Research Areas: Theory of Complex Disordered Systems

Achievements of research activities:

  • 1)  Establishment of the concept of fractons, "quantized vibrations in fractal structures". Pioneering works by Nakayama and his colleagues in terms of large-scale computer simulations have revealed for the first time the characteristics of fractons. A series of their works have conducted the research direction on the dynamics of fractal structures both experimentally and theoretically. The review article with his colleagues K. Yakubo and R. Orbach was published in a highly prestigious journal in physics " Reviews of Modern Physics, vol.66, No.2(1994) pp. 381-443" under the title "Dynamical properties of fractal structures: scaling, numerical simulations and physical realizations".
  • 2)  The 2nd achievement is the elucidation of the heat-exchange mechanism at millikelvin (mK) temperatures; the so-called the Kapitza resistance. The elucidation had been demanded by cryo-engineers and low-temperature physicists from its first experimental confirmation in 1975. Nakayama predicted in early 1980's the relevance of the magnetic interaction between He3 nuclear spin and chemisorped oxygen (with spin) on nano-metal-particles to the anomalous Kapitza resistance. Nakayama contributed a review in "Progress in Low Temperature Physics, vol. XII (1989) pp.117-194", whose series are well accepted as a prestigious one in the community of low temperature physics.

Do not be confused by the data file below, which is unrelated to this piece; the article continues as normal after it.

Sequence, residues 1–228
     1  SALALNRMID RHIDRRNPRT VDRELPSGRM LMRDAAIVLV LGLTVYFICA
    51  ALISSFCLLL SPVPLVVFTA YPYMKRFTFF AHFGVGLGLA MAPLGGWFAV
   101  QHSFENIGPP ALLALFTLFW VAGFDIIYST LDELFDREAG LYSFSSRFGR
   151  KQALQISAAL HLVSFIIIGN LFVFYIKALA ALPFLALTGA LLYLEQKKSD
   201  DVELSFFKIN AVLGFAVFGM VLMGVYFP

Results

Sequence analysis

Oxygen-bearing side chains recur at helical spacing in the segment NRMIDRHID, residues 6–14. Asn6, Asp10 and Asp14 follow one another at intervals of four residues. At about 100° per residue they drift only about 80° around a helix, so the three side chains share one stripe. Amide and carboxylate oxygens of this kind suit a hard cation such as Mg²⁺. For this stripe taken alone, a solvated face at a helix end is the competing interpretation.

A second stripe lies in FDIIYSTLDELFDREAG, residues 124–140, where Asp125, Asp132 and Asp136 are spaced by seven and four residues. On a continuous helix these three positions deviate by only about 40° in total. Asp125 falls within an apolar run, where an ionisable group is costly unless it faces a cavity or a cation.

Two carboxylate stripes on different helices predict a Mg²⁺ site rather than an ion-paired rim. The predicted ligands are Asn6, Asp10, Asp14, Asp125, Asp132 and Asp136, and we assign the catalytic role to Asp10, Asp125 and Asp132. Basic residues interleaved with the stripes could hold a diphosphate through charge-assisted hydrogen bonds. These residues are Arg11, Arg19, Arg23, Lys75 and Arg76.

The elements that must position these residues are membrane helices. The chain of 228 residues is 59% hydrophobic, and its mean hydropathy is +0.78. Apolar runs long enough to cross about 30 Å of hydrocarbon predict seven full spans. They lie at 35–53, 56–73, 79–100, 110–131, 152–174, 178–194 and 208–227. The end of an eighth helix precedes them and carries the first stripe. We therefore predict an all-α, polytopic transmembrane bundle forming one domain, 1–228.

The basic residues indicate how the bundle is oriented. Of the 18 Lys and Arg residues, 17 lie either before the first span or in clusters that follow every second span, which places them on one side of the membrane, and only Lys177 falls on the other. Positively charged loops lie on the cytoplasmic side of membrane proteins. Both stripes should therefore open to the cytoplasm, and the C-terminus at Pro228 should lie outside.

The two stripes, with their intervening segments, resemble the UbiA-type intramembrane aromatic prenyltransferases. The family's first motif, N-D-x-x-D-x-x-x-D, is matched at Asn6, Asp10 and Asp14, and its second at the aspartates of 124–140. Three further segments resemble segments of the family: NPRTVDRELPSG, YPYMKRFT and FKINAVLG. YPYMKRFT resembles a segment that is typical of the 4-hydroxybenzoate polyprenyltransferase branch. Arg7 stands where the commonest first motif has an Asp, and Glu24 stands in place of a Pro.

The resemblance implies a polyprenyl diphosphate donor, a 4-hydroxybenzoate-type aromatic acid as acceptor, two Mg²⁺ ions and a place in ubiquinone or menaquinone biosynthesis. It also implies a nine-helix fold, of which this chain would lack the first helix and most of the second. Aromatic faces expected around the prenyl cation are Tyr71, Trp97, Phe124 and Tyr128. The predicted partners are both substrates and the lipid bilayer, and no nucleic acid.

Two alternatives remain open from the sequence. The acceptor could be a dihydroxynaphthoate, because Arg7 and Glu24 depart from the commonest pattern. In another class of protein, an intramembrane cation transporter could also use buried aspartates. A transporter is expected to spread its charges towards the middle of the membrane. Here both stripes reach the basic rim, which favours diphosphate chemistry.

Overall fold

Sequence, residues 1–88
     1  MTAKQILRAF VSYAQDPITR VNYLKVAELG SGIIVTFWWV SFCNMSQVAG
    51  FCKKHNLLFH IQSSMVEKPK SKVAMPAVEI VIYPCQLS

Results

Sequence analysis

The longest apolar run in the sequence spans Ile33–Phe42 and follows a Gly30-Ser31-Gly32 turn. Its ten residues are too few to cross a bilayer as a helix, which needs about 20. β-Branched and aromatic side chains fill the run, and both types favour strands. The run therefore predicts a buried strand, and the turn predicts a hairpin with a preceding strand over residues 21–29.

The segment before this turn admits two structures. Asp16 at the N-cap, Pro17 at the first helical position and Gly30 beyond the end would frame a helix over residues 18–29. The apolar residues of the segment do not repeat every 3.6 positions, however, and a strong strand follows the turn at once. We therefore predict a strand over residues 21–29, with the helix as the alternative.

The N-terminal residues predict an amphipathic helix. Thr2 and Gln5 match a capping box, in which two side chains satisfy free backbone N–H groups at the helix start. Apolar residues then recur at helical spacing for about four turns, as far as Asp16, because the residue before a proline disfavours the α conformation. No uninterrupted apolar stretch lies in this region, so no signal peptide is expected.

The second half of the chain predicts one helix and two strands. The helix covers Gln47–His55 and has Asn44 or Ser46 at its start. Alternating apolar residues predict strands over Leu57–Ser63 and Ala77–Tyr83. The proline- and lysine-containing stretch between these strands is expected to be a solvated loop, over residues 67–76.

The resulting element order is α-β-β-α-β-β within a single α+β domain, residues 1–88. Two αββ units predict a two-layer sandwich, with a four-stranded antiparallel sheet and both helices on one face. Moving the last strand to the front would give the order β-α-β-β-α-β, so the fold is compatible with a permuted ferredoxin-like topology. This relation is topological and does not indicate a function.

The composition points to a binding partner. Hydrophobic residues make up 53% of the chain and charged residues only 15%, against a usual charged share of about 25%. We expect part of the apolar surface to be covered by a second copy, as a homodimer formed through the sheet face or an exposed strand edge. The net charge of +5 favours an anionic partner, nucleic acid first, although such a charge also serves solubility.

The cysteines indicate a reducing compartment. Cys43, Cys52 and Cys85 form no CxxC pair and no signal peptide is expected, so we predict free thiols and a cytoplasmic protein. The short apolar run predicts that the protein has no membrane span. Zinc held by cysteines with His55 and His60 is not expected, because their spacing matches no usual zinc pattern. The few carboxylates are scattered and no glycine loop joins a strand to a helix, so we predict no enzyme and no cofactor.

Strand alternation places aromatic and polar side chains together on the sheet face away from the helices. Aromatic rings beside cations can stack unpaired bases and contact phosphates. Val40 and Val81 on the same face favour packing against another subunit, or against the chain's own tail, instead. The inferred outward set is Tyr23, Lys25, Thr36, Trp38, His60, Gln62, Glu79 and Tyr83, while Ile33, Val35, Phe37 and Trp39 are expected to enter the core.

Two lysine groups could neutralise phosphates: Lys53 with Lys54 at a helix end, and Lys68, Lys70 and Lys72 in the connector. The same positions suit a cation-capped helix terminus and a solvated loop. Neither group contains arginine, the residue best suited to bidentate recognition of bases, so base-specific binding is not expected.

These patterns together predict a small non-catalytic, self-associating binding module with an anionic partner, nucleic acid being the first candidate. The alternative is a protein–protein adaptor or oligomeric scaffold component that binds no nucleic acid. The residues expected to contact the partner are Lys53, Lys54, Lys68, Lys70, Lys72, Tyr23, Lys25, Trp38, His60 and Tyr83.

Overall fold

• 3)  The 3rd important contribution is the development of the efficient computer-algorithm for large-scale physical systems. Nakayama and his colleagues developed the dynamic method for treating the equations of motion proposed by H. J. Maris for calculating response functions given by huge matrices such as 106x106 or more. The simplicity and the efficiency of this algorithm have attracted much attention among chemists, physicists and engineers so far. The performance of this algorithm, which Nakayama termed the forced oscillator method (FOM), was demonstrated in the article " The forced oscillator method: Eigenvalue analysis and computing linear response function, Reports in Physics, vol. 349, No.3(2001), pp.239-299".
  • 4)  The 4th is concerned with the "boson peak" observed in glasses; an unexpectedly large/broad spectra around at THz frequency range. Since its first observation by Raman scattering in 1953 by Krishnan, numerous researchers have paid much attention to the origin of boson peak, but not successful. Nakayama predicted theoretically in 1998 that the boson peak is a manifestation of the flat band consisting of "coupled" acoustic/optic modes emerged from high/low density parts in glasses. The prediction was confirmed experimentally in terms of high-resolution inelastic neutron scattering measurements (INS) by M. Arai (now at J-PARC at Tokai) in 1999. The main achievements are summarized by Nakayama in "Boson peak and terahertz frequency dynamics in vitreous silica, Reports in Progress in Physics, vol.65, (2002), pp.1195-1242".